Even though the overall media attention for the matter has faded these past few months, women in South Africa continue to be brutalized, harassed, assaulted and murdered by the country’s men (mostly in the domestic sphere by known perpetrators) — we wrote about that here. A few weeks ago, black lesbian woman Duduzile Zozo, was raped and murdered, found with a toilet brush inside of her. She was buried last Saturday.
Obviously, the task of eliminating these many forms of violence rests not only on the shoulders of women, legislators and police.
The simple fact that all forms of violence in South Africa have a male face tells us there’s something fundamentally wrong with ideas around manhood. It challenges us to take seriously the meanings that are attached to ‘being a man’ in South Africa and interrogate the ideas around man- and womanhood that young boys grow up with.
For those men who actively accept their responsibility to end the assaults and make the country safer for girls and women, there’s plenty to do. Not so much by urging men to protect their wives and keep their hands off our women; this excludes lesbian women and reinforces the idea that women need male protection. In a counterproductive twist, these kinds of messages are more likely to consolidate the stereotypes that underpin the violence rather than alter or challenge them.
Understanding what does not work, however, doesn’t answer the question what men can do. It’s a thorny one, especially because the socially constructed ideas about what it means to be a successful man, a competent provider, a responsible mother or a respectable woman are so deeply ingrained into society that much of the behaviour that surrounds these norms appear as perfectly normal and innocent. We learn to read a courteous arm around a woman’s waist as an affectionate gesture, an insistence on paying her share of the dinner bill as gallant, and unsolicited street-commentary on women’s bodies as compliments. Women who deviate from the norm by loving other women, rather than men, are considered ‘funky’, naughty, exotic or liberal at the (very, very) best and deserving of rape, suffering and death at worst. It all alludes to ideas of women as possessions, property and trophies, prepared, ready and available to be chased and courted by men.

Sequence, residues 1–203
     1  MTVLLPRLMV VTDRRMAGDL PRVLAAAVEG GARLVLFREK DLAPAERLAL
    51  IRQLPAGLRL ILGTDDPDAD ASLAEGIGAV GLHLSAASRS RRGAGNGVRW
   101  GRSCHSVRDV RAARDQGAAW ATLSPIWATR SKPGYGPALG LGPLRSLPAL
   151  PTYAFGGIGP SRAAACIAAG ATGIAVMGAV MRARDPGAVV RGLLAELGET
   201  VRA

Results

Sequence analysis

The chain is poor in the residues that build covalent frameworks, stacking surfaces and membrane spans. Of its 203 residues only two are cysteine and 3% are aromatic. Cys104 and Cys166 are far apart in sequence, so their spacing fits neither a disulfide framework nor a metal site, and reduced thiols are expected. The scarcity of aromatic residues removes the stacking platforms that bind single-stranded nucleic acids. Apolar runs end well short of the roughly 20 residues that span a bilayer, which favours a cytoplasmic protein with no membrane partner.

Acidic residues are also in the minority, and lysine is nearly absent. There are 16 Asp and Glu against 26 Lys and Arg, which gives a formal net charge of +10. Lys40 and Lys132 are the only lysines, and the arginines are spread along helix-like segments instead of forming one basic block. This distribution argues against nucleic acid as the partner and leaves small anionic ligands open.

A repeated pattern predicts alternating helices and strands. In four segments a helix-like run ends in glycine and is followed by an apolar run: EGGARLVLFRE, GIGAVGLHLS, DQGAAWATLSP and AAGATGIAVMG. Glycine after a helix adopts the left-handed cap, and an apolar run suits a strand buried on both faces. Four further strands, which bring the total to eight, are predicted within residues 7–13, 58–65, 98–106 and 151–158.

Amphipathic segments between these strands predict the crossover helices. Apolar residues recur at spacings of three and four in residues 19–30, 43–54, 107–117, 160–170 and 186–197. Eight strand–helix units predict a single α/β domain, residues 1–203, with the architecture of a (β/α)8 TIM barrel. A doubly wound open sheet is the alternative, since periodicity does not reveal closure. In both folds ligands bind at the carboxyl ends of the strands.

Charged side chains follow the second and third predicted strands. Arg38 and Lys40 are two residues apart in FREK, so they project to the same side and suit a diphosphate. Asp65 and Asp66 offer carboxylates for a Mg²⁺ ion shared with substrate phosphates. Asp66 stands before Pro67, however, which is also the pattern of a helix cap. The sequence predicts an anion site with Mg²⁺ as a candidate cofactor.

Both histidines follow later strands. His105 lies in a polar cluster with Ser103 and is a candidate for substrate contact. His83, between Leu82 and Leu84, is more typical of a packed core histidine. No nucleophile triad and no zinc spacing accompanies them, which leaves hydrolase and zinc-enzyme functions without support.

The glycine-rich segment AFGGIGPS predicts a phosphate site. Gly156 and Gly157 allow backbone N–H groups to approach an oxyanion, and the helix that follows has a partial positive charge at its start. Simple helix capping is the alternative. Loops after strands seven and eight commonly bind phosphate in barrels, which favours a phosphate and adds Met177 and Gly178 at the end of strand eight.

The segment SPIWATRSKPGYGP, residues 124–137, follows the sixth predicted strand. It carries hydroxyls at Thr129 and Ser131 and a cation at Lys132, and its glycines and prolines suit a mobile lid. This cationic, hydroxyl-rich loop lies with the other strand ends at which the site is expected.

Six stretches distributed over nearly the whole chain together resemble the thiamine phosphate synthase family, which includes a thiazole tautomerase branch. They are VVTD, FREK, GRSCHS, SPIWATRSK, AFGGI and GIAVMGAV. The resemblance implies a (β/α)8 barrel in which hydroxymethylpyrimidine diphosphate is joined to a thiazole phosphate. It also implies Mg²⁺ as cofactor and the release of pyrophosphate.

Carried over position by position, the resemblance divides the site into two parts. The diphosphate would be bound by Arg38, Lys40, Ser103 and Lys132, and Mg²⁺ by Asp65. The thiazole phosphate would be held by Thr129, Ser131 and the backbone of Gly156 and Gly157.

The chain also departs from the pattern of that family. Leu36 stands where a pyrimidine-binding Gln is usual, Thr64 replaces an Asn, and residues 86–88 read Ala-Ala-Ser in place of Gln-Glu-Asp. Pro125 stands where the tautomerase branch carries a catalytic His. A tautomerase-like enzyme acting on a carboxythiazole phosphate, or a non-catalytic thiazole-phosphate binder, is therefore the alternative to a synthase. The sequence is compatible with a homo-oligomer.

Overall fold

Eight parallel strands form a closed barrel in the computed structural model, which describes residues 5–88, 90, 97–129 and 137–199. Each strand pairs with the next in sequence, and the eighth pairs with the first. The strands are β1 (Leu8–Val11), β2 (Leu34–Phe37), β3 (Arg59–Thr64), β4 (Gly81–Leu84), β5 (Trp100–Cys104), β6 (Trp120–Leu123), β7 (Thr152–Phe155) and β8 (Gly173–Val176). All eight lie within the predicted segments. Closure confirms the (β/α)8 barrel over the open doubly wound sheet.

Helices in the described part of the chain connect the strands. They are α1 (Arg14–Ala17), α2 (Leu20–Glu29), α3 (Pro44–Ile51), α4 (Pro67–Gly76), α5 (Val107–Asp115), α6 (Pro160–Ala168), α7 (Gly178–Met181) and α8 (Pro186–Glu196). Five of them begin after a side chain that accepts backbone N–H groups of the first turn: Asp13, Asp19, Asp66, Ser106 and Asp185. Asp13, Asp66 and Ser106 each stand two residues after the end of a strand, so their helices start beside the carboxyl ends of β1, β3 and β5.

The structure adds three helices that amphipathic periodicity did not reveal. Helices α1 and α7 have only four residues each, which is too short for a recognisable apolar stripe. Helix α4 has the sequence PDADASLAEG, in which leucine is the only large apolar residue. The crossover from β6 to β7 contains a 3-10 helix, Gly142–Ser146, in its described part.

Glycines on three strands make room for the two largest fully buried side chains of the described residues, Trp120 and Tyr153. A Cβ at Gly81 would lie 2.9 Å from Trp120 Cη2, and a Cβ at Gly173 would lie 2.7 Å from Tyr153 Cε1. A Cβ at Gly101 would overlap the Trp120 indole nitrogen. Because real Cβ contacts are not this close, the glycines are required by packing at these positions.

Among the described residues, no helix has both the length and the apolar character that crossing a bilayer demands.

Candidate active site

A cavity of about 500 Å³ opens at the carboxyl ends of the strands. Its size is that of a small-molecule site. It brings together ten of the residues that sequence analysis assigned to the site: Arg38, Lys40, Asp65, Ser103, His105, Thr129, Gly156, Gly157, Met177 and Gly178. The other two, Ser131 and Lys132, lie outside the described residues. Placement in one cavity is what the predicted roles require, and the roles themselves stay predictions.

So next to keeping their own pester-potential in check, how should men commit to reducing the daily threats that their sisters, mothers, nieces and friends face? How to step out of those stereotypes and become structural partners for gender justice?
Sonke Gender Justice in Cape Town is an organization that made it a priority to figure out how to go about this. Wessel van den Berg, who is the coordinator for the global MenCare campaign, developed by Sonke and Promundo US, and Joshua Ogada, the NGO’s communications manager, took some time to sit down with us and share their views on how men and boys can engage.
Realizing that women empowerment stands no chance without women leaders, South Africa’s post-apartheid governments have done a great job in appointing women to leadership positions in the public (political) space. Yet this arena of empowerment stands in bitter contrast to the wider professional sphere, which is dominated by (often white) men and the domestic space, where most of the violence against women takes place. Whilst often overlooked, the latter is a key space for men to actively challenge harmful stereotypes.